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June 22, 2004

Final Thoughts on Hammoudi

After attending the funeral prayers (janazah) and the burial for Mohammed yesterday, I’m left with one main thought: He’s much luckier than I am.

Over the past few days, I’ve been hearing from a myriad of people their thoughts on Hammoudi, whether it be by email, phone, or in person. They all seem to have one common theme: no one had anything bad to say about him. And I guess that’s the greatest blessing a person can hope for when they pass away, to not have anyone feel anything in their hearts against them. Our beautiful tradition teaches us that Allah is more likely to forgive sins that are between one’s self and Him (missing a fast for example) as compared to sins that one has done against His creation. The latter requires a forgiveness of the injured party in addition to the forgiveness of God; the former is easily forgiven in the vastness of God’s mercy.

That’s why my boy is one of the luckiest people I know. While it was a sobering and sad day to see him lying in the coffin, it was refreshing to see more than 300 people attend the funeral prayer. While it was a tragedy to see my friend pass away after having gone through all he did, it was a blessing to remember that our Prophet said that not even a thorn pricks a believer except that he is forgiven for his sins. My hair stands on end and I am envious when I think of how many sins my boy had forgiven because of what he went through. For me, the most shocking part of yesterday was to see him lowered into the ground and see the dirt being thrown on him as the coffin slowly disappeared from view. I thought to myself: All this worrying and struggling and bickering that consumes our daily lives… in the end, it’s only dirt returning to dirt, with nothing, not even shadows remaining behind. I think human conflicts would be resolved much more quickly and amicably if people could remember that.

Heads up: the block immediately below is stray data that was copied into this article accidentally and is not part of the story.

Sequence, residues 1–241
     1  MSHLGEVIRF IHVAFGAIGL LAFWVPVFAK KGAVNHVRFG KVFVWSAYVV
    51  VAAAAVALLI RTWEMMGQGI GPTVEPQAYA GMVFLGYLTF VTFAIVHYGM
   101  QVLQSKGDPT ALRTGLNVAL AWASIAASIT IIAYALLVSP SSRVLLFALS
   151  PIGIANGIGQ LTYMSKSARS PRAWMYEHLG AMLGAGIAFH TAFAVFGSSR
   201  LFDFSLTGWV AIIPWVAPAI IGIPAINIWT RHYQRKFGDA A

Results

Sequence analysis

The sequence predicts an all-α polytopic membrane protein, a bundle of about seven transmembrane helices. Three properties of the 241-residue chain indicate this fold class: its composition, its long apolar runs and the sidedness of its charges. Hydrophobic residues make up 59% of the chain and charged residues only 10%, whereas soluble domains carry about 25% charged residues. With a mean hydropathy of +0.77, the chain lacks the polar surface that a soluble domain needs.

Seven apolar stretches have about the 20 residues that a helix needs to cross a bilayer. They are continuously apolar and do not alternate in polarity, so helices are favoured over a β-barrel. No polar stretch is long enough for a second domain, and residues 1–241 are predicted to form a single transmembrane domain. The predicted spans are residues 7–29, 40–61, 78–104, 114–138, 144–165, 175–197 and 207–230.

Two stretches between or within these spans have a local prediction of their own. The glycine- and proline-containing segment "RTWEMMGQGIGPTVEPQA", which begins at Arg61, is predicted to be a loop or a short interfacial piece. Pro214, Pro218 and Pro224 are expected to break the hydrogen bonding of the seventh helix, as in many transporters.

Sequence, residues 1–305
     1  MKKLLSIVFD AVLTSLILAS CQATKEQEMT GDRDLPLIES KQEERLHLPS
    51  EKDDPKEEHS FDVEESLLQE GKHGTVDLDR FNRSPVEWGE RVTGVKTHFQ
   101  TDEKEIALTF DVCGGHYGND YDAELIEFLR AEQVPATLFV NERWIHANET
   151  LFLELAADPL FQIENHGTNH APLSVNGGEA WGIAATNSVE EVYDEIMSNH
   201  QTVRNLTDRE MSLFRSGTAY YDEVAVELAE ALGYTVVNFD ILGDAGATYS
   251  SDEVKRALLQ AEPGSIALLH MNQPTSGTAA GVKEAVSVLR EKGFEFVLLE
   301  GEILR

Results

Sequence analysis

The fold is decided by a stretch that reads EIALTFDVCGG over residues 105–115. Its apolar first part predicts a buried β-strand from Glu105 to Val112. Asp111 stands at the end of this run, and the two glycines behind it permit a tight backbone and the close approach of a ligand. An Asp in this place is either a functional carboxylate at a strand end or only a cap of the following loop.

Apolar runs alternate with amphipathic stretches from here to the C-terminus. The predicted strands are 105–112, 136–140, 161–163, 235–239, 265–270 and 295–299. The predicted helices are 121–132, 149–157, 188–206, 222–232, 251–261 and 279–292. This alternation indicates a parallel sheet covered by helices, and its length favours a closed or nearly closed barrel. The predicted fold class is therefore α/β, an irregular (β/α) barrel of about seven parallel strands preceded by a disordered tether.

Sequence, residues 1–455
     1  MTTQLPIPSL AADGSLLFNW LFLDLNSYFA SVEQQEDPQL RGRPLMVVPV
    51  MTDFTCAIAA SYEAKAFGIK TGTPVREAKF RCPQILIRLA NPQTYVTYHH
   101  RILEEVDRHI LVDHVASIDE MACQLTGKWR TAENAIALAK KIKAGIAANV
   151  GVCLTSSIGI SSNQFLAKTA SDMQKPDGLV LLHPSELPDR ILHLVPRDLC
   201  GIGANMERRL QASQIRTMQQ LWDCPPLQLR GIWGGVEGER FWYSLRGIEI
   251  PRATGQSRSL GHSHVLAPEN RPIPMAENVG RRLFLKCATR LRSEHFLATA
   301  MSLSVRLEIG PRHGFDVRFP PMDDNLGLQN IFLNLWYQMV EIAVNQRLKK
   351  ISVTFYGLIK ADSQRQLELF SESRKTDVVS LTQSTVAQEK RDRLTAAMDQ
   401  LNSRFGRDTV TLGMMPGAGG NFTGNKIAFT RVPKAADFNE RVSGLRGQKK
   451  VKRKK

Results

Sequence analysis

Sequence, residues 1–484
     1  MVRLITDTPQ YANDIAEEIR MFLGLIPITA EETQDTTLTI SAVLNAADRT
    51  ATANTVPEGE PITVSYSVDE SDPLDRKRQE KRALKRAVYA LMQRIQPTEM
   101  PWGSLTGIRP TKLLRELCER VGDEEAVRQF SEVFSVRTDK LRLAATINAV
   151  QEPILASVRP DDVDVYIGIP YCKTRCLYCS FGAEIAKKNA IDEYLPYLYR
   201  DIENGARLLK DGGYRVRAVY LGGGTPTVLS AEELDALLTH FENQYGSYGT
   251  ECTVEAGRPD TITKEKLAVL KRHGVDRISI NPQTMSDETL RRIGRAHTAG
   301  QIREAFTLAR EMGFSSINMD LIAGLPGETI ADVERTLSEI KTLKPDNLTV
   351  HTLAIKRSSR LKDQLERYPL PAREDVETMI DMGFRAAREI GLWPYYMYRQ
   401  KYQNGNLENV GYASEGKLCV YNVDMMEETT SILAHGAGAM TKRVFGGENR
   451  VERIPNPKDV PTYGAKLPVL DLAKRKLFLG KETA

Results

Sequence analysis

After all the dirt had been poured down into his grave… the heavens opened up and a rain of mercy began to pour down on us as we all made our final prayers over his grave for the day. It wasn’t a heavy rain–rather, a light, barely perceptible rain was falling from the heavens, the same type of rain that fell on the Muslims before the battle of Badr, a rain from the heavenly storehouses of mercy. As I shed one last tear while walking away from his grave, I began to feel the heavenly tears grow in intensity, and thus a verse that referred to the destruction of the people of Pharoah from Surah al-Dukhan rang through my head: “And the heaven and the earth wept not for them, nor were they reprieved”. And thus as the heaven wept for my friend as we walked away, I smiled, confident and hopeful that his Lord was pleased with him and He was letting us know of this.

Finally, to honor Hammoudi, I propose that we make his last xanga post ( the highest rated post ever. Even for those of you who don’t have xanga, make one for a minute so you can go to his website and give him eprops anyway. Let’s make it the highest rated post ever.

And to Hammoudi, inshallah if I make it there, I look forward to seeing you in heaven and paintballing with you and wrestling you to submission, you wuss


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One Comment
  1. good job… well said Kamran… jazakallah

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